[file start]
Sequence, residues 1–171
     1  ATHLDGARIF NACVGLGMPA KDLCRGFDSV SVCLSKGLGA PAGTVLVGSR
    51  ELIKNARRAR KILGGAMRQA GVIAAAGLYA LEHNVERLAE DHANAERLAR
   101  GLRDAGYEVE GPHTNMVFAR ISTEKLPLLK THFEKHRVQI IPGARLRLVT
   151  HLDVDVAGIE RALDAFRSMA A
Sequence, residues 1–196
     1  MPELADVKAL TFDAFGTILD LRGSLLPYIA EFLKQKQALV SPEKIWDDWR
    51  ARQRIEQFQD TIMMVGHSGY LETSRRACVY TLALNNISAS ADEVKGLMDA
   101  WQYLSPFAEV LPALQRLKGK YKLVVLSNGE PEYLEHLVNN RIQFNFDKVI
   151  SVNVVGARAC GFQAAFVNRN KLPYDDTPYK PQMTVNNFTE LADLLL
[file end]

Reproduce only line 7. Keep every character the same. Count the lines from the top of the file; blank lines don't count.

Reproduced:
     1  MPELADVKAL TFDAFGTILD LRGSLLPYIA EFLKQKQALV SPEKIWDDWR